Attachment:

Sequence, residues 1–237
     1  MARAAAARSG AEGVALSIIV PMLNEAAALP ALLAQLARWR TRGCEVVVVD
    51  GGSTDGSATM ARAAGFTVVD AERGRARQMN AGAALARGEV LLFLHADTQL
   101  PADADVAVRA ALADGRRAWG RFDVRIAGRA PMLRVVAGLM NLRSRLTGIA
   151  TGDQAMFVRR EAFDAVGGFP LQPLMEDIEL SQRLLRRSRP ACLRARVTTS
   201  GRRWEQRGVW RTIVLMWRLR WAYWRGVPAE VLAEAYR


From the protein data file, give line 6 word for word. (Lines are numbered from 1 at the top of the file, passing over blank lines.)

   201  GRRWEQRGVW RTIVLMWRLR WAYWRGVPAE VLAEAYR